Hitler’s Willing Executioners: Ordinary Germans and the Holocaust. New York: Afred A. Knopf, Inc., 1996. Jaspers, Karl. The Question of German Guilt. Trans.
Jewish Reactions to the Holocaust: A Learned Behavior When thinking of Jewish persecution, images of Nazi Germany, concentration camps, and the Holocaust are most likely to be conjured. Although these images do represent the attempted destruction of the Jews, persecution actually began thousands of years earlier. The Holocaust, or Final Solution, which was the destruction of European Jews by the Nazis, was the culmination of attempts by other groups to eradicate Jews from their society.1 Reacting in many different ways to persecution, the Jewish sect has undergone years of harsh treatment, climaxing during the Holocaust. Jewish persecution did not begin in Europe with the onset of World War II; rather, anti-Semitism had existed for the past several thousand years. The rise and eventual domination of Christianity resulted in the persecution of the Jews starting in fourth-century Rome and lasting through the Middle Ages, when huge numbers of Jews were massacred during Christian crusades.2 Also, during the Middle Ages, the Christian Church attempted to convert Jews to Christianity.
The Second World War New York, NY, Praeger Publishers, Inc. , 1975. Neumann, Franz, Behemath: the structure and practice of national socialism. New York: Harper and Row, Publishers, Inc. 1966 Schoenbaum, David, Hitler's Social Revolution: class and status in Nazi Germany, 1933-1939. New York: Doubleday and co. , Inc. , 1967. Schoenberner, Gerhard, The Yellow Star: The Persecution of the Jews in Europe, 1933-1945.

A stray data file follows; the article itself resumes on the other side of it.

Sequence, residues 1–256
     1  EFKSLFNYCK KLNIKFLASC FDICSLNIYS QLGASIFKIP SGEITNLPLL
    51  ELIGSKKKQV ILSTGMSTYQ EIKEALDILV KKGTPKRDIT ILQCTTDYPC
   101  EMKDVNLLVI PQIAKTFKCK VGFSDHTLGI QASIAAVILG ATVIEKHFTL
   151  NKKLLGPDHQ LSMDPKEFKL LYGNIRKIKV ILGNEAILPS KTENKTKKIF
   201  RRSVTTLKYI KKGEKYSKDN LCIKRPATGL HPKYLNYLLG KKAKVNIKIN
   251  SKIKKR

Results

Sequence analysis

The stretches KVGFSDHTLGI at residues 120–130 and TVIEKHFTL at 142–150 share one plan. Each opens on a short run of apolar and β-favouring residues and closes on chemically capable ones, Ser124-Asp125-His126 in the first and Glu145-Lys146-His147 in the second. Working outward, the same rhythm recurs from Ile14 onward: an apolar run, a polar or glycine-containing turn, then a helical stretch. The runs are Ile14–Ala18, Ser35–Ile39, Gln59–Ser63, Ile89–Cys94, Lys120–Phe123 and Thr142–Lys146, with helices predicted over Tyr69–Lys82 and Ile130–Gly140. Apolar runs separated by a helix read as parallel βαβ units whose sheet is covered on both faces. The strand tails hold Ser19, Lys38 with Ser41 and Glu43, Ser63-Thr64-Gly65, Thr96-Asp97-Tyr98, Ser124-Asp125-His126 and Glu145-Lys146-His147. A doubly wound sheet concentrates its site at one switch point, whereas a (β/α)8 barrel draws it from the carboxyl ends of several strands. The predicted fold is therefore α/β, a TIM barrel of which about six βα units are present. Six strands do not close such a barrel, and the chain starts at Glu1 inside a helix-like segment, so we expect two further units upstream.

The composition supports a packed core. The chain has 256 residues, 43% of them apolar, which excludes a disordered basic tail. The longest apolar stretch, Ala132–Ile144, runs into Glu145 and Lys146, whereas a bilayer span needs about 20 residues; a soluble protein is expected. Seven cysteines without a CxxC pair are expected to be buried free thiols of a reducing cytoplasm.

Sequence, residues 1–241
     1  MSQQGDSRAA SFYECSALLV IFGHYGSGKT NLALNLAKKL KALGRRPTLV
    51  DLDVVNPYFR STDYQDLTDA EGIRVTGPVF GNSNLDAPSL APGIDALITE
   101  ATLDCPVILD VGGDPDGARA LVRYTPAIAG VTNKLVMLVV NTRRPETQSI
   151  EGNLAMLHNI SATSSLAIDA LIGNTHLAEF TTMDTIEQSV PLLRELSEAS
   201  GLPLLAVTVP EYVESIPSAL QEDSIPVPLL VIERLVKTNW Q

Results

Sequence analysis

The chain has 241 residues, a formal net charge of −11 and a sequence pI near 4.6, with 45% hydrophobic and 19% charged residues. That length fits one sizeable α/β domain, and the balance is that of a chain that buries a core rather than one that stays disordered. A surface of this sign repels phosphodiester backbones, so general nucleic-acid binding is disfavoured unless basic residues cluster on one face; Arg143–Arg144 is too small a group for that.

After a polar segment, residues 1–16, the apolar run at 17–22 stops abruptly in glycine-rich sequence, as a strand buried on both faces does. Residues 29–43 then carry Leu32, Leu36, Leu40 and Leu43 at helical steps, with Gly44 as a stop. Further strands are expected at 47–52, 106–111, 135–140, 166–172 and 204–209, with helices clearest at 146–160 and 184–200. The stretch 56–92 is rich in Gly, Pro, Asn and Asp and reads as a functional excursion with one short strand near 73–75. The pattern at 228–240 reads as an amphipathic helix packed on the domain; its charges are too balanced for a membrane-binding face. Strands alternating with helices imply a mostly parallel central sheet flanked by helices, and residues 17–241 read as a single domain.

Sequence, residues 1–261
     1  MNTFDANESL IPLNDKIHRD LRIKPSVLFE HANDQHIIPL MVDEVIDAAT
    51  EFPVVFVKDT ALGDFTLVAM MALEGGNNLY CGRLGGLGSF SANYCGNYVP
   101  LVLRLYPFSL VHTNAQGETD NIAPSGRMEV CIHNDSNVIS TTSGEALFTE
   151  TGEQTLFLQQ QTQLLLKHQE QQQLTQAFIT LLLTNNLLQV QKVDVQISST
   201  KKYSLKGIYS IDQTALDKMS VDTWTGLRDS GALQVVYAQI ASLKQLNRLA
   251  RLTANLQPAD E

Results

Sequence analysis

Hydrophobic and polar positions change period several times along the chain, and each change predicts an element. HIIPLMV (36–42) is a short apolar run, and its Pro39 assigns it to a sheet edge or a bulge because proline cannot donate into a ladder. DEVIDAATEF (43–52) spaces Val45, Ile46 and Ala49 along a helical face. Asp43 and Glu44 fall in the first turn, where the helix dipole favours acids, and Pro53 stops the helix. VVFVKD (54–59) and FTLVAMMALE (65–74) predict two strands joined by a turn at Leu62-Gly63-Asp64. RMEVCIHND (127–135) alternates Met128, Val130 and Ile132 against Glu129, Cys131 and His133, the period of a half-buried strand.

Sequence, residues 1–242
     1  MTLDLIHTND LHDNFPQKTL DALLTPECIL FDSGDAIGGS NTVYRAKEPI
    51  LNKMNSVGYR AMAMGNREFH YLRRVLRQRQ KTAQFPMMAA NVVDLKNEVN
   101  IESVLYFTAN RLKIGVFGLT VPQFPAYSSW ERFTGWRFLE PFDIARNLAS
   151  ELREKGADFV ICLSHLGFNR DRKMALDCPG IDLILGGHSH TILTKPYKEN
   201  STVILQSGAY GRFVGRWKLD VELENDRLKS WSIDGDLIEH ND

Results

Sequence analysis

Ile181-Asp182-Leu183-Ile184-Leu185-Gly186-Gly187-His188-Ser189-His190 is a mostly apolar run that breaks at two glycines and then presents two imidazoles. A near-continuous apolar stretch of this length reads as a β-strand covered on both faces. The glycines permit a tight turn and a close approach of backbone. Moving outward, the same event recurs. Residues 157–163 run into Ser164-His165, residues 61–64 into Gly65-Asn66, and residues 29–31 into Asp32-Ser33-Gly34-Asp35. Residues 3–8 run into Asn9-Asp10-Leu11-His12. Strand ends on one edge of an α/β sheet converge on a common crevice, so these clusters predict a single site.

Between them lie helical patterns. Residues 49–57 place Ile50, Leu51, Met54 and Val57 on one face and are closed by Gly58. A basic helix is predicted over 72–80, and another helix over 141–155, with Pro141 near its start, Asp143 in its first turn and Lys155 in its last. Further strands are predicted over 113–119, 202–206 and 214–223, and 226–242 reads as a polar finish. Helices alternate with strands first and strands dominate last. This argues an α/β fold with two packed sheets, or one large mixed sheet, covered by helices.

Then, on the eve of destruction, before the Nazis had fully planned for their extermination, the German Jews had a chance to affect Germany and their own lives. I have chosen a few of the German Jewish responses to examine in this essay. After the single-day boycott of April 1, 1993, where the Magen David was posted on establishments of Jewish-race ownership, a Zionist named Robert Weltsch wrote the following lines in a Zionist newspaper article titled '"'Wear It With Pride, The Yellow Badge'"': This is a painful reminder to all those who betrayed their Judaism...The Jew who denies his Judaism is no better a citizen than his fellow who avows it openly...The Jew is marked a Jew. He gets the Yellow Badge...This regulation is intended as a brand, a sign of contempt. We will take it up and make it a badge of honor.
Exile & Destruction: The Fate of Austrian Jews, 1938-1945. Westport, CT, USA: Greenwood Press, 1995. Retrieved from http://site.ebrary.com/lib/ashford/Doc?id=5004830 Wistrich, Robert S. (Author). (2003). Hitler and the Holocaust: A short History.
"The Victims: Jews, Communists, and Social Democrats." Nazi Germany 1933-1945: Faith and Annihilation. Comp. Dean Scott McMurry. London: Arnold, 1996.